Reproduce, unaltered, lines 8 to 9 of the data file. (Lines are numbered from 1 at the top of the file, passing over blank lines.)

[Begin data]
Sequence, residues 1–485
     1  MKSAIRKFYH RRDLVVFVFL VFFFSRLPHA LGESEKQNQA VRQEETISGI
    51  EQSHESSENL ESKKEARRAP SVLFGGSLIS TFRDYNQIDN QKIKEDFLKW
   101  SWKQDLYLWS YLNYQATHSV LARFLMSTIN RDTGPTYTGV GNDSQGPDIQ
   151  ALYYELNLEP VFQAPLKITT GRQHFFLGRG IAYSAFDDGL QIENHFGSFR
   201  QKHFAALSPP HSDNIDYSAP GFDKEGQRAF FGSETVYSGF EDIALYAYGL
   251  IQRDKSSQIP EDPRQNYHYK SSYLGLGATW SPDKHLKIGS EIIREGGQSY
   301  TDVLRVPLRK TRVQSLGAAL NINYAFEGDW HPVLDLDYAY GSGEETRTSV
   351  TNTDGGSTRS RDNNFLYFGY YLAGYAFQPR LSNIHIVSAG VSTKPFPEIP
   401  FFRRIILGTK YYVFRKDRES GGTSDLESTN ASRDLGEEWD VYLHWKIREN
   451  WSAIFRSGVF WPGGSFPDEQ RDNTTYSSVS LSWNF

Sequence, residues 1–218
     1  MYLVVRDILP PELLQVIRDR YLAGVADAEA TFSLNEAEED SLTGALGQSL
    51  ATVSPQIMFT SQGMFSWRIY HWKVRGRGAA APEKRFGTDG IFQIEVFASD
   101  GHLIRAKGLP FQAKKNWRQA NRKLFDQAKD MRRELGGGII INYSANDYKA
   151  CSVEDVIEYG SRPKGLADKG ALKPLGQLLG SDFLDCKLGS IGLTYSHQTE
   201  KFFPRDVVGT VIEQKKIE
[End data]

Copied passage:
   301  TDVLRVPLRK TRVQSLGAAL NINYAFEGDW HPVLDLDYAY GSGEETRTSV
   351  TNTDGGSTRS RDNNFLYFGY YLAGYAFQPR LSNIHIVSAG VSTKPFPEIP